Dystroglycanopathies: A Workflow to Improve Variant Interpretation, Disease Mechanism Understanding and Pathogenicity Predictions


Pre-Clinical Research

Poster Number: 256


Kaiyue Ma, PhD candidate, Yale, Shushu Huang, MD, Yale, Nicole Lake, PhD, Yale, Keryn Woodman, PhD, Yale, Angela Lek, PhD, Yale, Monkol Lek, PhD, yale university

Dystroglycanopathies are caused by mutations in enzymes involved in the glycosylation of alpha-dystroglycan (alpha-DG) and can result in a wide range of muscular disorders. The underlying pathogenic variants are typically ultra-rare with many unique to affected families, resulting in challenges in interpreting pathogenicity. We propose to work with “patients in flasks” to overcome this limitation and provide better variant interpretation needed to help undiagnosed patients.

We developed an adaptable workflow called SMuRF (Saturation Mutagenesis-Reinforced Functional assays) which utilizes gene knockout cell lines and pooled lentiviral variant rescue. We employed the IIH6C4 antibody, which binds to glycosylated alpha-DG to screen dystroglycanopathy genes using FKRP and LARGE1 as proof of concept. Using SMuRF, we generated functional scores for more than 99.5% of all possible single nucleotide variants (SNVs) for both FKRP and LARGE1.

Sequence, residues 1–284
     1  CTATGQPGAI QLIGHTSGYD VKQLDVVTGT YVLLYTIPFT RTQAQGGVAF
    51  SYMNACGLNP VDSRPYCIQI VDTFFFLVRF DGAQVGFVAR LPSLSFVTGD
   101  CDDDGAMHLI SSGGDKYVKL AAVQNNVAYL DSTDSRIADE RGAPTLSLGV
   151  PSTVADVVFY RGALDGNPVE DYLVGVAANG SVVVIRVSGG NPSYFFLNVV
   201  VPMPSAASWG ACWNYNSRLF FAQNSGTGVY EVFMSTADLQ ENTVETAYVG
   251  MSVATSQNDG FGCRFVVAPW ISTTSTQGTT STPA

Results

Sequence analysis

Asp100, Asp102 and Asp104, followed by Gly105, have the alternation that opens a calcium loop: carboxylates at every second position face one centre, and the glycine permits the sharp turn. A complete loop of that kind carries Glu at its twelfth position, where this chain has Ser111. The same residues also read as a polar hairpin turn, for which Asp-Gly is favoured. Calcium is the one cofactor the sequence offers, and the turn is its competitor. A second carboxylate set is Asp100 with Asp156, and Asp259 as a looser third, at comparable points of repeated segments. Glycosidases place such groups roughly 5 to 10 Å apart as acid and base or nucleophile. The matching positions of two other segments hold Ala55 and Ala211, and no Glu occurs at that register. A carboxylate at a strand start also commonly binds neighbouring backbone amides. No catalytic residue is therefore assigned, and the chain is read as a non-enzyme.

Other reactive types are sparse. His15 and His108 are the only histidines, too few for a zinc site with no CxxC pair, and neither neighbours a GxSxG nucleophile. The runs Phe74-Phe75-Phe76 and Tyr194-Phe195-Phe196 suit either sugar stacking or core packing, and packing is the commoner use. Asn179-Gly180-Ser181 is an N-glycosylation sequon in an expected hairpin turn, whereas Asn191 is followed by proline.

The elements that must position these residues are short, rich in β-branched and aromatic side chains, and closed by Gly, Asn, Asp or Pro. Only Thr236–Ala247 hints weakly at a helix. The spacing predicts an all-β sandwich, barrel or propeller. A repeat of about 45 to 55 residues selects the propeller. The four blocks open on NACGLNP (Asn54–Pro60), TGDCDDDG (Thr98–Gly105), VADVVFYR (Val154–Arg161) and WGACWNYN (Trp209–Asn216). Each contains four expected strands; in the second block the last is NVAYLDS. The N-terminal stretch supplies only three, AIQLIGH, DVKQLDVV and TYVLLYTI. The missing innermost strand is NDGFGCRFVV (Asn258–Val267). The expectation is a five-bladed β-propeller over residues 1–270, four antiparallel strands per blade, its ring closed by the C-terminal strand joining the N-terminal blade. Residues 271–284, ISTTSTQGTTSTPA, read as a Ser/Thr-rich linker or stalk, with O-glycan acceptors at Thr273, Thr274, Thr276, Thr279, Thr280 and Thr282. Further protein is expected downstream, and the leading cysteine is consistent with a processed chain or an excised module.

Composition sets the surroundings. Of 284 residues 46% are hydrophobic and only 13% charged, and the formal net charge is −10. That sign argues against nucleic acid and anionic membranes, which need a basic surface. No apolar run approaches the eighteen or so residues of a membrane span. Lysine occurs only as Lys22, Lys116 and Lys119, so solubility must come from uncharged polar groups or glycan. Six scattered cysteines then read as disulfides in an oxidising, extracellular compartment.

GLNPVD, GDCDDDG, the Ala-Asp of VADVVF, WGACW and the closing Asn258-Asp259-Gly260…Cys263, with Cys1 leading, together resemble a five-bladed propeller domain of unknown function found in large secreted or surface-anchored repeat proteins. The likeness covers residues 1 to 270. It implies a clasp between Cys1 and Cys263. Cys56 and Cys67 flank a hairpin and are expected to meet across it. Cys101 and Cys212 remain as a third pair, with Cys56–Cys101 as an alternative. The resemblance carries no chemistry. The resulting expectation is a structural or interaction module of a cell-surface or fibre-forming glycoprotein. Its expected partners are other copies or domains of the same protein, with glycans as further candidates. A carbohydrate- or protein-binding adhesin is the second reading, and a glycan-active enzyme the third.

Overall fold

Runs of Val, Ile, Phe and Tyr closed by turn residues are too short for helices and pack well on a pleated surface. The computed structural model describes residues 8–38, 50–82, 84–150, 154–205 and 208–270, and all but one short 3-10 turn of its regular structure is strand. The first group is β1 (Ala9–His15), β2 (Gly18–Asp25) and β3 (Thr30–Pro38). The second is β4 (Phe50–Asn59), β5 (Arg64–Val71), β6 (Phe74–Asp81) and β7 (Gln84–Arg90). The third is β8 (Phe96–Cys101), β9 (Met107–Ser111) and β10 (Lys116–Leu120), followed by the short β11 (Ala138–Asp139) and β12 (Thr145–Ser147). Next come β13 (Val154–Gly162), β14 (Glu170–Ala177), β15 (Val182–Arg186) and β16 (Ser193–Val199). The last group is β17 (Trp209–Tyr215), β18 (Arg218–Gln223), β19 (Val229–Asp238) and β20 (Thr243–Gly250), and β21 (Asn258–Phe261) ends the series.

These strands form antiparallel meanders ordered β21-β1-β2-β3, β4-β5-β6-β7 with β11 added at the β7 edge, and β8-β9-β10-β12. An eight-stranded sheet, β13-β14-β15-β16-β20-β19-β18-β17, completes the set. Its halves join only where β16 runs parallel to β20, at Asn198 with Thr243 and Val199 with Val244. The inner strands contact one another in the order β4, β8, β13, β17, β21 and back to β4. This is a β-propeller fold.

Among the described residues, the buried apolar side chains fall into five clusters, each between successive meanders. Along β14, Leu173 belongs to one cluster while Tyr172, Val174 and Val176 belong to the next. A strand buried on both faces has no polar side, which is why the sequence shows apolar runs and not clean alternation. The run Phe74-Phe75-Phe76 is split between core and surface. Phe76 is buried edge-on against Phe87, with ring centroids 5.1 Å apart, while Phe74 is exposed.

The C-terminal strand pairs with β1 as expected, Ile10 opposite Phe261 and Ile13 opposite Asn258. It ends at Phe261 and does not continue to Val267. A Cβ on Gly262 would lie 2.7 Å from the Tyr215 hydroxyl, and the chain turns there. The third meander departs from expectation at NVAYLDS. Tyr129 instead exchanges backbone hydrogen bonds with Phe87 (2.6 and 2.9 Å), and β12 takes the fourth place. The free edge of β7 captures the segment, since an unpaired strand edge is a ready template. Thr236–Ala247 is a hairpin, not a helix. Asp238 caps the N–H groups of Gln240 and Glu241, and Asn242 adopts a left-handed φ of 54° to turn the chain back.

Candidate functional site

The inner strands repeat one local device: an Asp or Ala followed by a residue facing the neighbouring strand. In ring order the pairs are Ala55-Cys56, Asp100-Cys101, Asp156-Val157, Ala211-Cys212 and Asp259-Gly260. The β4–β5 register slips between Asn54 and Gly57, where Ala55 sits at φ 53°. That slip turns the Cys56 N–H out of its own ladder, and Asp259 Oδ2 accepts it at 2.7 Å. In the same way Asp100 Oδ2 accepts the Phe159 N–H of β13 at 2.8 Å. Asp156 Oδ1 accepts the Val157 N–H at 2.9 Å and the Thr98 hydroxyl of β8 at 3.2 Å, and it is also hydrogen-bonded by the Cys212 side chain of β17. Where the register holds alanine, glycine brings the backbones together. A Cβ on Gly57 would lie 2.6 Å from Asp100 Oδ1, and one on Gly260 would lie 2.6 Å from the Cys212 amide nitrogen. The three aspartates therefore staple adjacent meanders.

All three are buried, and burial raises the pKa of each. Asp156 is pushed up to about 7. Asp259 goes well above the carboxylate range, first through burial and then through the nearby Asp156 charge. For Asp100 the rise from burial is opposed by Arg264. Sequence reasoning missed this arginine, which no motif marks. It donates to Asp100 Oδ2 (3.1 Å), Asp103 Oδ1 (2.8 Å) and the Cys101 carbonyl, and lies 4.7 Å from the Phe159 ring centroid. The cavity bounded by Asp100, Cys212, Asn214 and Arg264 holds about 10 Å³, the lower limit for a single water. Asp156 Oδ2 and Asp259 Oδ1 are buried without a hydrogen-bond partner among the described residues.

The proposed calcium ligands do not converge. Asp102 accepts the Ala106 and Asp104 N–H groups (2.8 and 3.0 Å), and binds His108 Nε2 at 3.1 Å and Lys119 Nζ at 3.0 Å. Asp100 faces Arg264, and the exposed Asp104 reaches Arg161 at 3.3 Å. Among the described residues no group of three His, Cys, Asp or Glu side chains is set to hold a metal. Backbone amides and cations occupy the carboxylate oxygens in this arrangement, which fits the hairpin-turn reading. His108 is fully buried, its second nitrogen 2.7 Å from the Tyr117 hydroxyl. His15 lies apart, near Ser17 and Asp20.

Our result showed the expected trend for synonymous variants to have similar scores to wildtype and nonsense variants to be the most damaging. SMuRF scores correlate well with clinical reports, showing its potential to classify the variants that remained to be definitively classified. SMuRF revealed that the missense variants tend to be more disruptive in the catalytic domain than in the stem domain of FKRP. Similarly, SMuRF scores demonstrated that missense variants tend to be most disruptive in the XylT domain, which is critical for enzymatic activity in LARGE1. This suggests SMuRF can also help identify critical protein regions associated with disease mechanism. Lastly, SMuRF scores have a high correlation with EVE scores, which are prediction scores based on an evolutionary model, indicating its potential to validate and train computational methods.

In summary, SMuRF can be applied to characterize all possible small-size variants in genes associated with dystroglycanopathies and potentially be used to improve diagnosis rate, which is critical for clinical trial readiness.